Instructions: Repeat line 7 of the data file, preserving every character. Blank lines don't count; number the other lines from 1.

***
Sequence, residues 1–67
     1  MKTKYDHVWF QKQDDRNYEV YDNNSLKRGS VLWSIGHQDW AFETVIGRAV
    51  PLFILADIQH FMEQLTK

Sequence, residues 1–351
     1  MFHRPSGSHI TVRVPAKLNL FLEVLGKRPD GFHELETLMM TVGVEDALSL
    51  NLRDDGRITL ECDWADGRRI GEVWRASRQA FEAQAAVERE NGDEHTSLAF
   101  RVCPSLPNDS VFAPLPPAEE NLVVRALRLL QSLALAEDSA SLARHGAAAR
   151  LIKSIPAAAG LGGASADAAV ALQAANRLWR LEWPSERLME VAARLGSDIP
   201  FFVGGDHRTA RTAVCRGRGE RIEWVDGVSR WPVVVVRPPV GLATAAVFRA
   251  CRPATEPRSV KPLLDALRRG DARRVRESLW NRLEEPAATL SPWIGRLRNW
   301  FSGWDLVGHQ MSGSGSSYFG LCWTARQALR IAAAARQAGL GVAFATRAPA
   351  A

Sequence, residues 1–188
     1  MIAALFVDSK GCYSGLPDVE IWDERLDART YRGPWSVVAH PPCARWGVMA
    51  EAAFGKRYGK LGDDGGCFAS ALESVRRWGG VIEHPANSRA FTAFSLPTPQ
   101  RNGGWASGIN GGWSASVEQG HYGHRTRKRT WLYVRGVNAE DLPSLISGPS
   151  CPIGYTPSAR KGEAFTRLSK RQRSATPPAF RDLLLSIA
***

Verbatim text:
   101  RVCPSLPNDS VFAPLPPAEE NLVVRALRLL QSLALAEDSA SLARHGAAAR